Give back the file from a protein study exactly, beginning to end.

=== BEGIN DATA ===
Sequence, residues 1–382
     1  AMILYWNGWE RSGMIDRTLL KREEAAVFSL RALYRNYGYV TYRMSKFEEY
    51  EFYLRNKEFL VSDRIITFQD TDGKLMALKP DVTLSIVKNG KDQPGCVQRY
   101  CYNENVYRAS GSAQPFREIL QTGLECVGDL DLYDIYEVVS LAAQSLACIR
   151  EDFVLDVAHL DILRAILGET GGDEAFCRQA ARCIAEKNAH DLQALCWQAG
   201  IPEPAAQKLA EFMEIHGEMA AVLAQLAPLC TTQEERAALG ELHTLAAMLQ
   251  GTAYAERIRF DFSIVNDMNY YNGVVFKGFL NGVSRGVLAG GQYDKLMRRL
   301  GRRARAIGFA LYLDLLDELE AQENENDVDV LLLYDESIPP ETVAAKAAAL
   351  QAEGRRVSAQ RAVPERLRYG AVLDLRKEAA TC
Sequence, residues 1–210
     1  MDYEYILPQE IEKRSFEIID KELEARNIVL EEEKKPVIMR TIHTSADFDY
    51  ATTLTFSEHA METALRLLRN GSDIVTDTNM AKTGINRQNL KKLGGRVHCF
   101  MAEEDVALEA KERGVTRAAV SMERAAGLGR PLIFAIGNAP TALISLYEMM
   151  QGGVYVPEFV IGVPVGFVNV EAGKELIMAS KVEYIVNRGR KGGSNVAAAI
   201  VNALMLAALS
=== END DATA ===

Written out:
Sequence, residues 1–382
     1  AMILYWNGWE RSGMIDRTLL KREEAAVFSL RALYRNYGYV TYRMSKFEEY
    51  EFYLRNKEFL VSDRIITFQD TDGKLMALKP DVTLSIVKNG KDQPGCVQRY
   101  CYNENVYRAS GSAQPFREIL QTGLECVGDL DLYDIYEVVS LAAQSLACIR
   151  EDFVLDVAHL DILRAILGET GGDEAFCRQA ARCIAEKNAH DLQALCWQAG
   201  IPEPAAQKLA EFMEIHGEMA AVLAQLAPLC TTQEERAALG ELHTLAAMLQ
   251  GTAYAERIRF DFSIVNDMNY YNGVVFKGFL NGVSRGVLAG GQYDKLMRRL
   301  GRRARAIGFA LYLDLLDELE AQENENDVDV LLLYDESIPP ETVAAKAAAL
   351  QAEGRRVSAQ RAVPERLRYG AVLDLRKEAA TC
Sequence, residues 1–210
     1  MDYEYILPQE IEKRSFEIID KELEARNIVL EEEKKPVIMR TIHTSADFDY
    51  ATTLTFSEHA METALRLLRN GSDIVTDTNM AKTGINRQNL KKLGGRVHCF
   101  MAEEDVALEA KERGVTRAAV SMERAAGLGR PLIFAIGNAP TALISLYEMM
   151  QGGVYVPEFV IGVPVGFVNV EAGKELIMAS KVEYIVNRGR KGGSNVAAAI
   201  VNALMLAALS